September 24th, 2012 | Comments Off
Released on DVD today, Sing Your Song charts the life and accomplishments of the world-renowned entertainer Harry Belafonte. With his charismatic and incredibly likable character clear throughout the film, this biographical documentary reveals his true passion is not just singing and acting but fighting injustice and creating awareness for the civil rights movement, on which he had great impact.
Born in the rough neighbourhood of Harlem in New York, Belafonte was briefly sent to live with family in Jamaica when he was young, a move that later proved to be hugely influential in the folk and calypso songs he would go on to perform. Once he returned to America, the young man served in the Navy during World War II and got himself a job as a janitor’s assistant when he came out. Up to that point Belafonte had never dreamed of becoming a singer but when he received two free tickets to see The American Negro theatre perform he fell in love with the world of arts.
His breakthrough didn’t take long and soon he travelled from theatre to theatre, from town to town. It was then, when he was on tour, that he experienced the extremeness of segregation. It made no difference that he was the headlining act, it made no difference that people were shouting his name, he was still a black man. His activism, rooted in his own experience, saw to it that he developed a close relationship with Martin Luther King Jr., which increased as his work for the civil rights movement intensified.
What good is a conscience if it’s not awakened? – Harry Belafonte
As can be expected in a profiling documentary, archive footage plays an important role. There is footage of Belafonte’s own performances but also some shocking clips which highlight the true plight of the civil rights movement. The impact of these latter is amplified when the different types of injustices are contrasted by the lyrics of Belafonte’s songs.
The use of interviews with Belafonte and his close family (his wife, ex-wife and children) add a personal dimension to the film and his personal involvement makes this a truly moving and inspirational documentary. The touching interviews with his children add depth to the portrait of his life and celebration of his achievements.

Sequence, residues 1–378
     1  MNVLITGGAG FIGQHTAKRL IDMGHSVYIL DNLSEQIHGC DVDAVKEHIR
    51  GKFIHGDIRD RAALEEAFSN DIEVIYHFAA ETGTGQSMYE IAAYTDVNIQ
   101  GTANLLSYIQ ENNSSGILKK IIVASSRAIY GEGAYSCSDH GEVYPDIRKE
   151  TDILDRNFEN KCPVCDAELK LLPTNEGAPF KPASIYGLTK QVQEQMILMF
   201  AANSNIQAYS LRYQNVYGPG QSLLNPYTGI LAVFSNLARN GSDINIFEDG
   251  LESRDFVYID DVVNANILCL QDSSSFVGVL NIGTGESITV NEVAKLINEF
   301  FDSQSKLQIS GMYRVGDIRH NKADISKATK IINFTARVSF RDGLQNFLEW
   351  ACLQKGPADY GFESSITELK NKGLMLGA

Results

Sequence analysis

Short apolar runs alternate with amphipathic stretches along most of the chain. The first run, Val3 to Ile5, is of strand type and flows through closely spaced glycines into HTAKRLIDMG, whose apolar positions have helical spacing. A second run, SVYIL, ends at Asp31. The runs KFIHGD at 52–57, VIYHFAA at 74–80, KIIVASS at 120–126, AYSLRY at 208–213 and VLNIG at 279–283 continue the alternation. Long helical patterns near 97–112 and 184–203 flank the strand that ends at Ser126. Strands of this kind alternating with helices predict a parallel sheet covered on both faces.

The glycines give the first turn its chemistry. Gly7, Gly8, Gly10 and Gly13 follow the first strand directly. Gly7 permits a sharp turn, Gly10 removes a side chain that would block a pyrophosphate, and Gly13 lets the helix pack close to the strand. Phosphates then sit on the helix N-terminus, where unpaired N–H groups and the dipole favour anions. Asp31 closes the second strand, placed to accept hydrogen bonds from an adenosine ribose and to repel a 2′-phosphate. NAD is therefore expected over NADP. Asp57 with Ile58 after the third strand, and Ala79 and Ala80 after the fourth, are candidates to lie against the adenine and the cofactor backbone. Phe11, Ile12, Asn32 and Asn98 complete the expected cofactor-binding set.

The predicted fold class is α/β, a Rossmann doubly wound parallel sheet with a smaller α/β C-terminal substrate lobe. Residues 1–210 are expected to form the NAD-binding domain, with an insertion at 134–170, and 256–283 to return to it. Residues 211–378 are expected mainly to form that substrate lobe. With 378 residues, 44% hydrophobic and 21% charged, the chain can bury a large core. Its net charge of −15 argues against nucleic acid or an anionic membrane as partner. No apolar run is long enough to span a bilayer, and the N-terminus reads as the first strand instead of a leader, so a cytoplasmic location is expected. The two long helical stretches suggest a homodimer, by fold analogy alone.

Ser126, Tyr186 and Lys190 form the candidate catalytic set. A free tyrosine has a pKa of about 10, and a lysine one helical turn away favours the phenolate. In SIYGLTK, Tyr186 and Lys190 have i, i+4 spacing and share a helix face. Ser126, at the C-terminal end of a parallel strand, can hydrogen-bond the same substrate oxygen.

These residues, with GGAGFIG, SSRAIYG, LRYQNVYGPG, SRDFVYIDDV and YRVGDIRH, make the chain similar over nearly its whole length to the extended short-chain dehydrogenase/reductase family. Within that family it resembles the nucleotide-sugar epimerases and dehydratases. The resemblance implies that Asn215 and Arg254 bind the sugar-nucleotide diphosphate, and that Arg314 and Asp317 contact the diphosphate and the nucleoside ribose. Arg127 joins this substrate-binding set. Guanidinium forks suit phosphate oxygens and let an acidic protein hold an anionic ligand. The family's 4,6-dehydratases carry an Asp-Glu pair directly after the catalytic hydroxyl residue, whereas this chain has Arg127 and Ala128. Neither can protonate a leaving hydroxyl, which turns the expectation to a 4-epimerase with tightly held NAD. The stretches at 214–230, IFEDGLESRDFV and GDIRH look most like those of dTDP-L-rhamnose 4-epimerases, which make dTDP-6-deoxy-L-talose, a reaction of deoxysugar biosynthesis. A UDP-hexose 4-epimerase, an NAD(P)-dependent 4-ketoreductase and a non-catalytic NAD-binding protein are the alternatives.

It is impossible to come away from this thought provoking film uninspired by Belafonte’s unwavering optimism and dedication to equality. As well as being a great entertainer he continues his work throughout many different communities, choosing not to retire, as he says there is still too much to do. This documentary is moving, insightful, and packed full of great songs, personal interviews, and archive footage. All of which make the film more a important cultural document than a mere profile.
The DVD extras include the theatrical trailer and a short film on The Forgiveness Project. This is a UK based charity that uses storytelling to explore forgiveness and aims to provide tools to facilitate conflict resolution and behavioural changes.
Written by Nicola Lampard
Nicola graduated from Brunel University with a BSc in Sociology and Media and is now currently studying for a MSc at LSE in Society and Culture, while working in the UK film industry. The Up Series (beginning with 7up) sparked her interest in documentaries, particularly those with a social and cultural themes. She is enthusiastic about documentaries because of their capacity to inform and incite change, as seen from The Thin Blue Line and, more recently, Josh Fox’s Gasland.
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